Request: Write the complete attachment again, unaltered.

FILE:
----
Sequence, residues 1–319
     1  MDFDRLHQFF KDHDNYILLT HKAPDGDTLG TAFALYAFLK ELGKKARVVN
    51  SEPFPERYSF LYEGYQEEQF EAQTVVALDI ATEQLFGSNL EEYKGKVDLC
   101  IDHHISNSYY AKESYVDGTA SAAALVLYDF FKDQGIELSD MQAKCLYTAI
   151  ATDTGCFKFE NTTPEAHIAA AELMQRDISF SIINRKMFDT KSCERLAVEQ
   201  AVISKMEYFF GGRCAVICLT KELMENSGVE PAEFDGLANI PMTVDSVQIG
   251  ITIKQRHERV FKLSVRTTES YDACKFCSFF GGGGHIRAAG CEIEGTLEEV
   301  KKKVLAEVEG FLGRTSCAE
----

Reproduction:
Sequence, residues 1–319
     1  MDFDRLHQFF KDHDNYILLT HKAPDGDTLG TAFALYAFLK ELGKKARVVN
    51  SEPFPERYSF LYEGYQEEQF EAQTVVALDI ATEQLFGSNL EEYKGKVDLC
   101  IDHHISNSYY AKESYVDGTA SAAALVLYDF FKDQGIELSD MQAKCLYTAI
   151  ATDTGCFKFE NTTPEAHIAA AELMQRDISF SIINRKMFDT KSCERLAVEQ
   201  AVISKMEYFF GGRCAVICLT KELMENSGVE PAEFDGLANI PMTVDSVQIG
   251  ITIKQRHERV FKLSVRTTES YDACKFCSFF GGGGHIRAAG CEIEGTLEEV
   301  KKKVLAEVEG FLGRTSCAE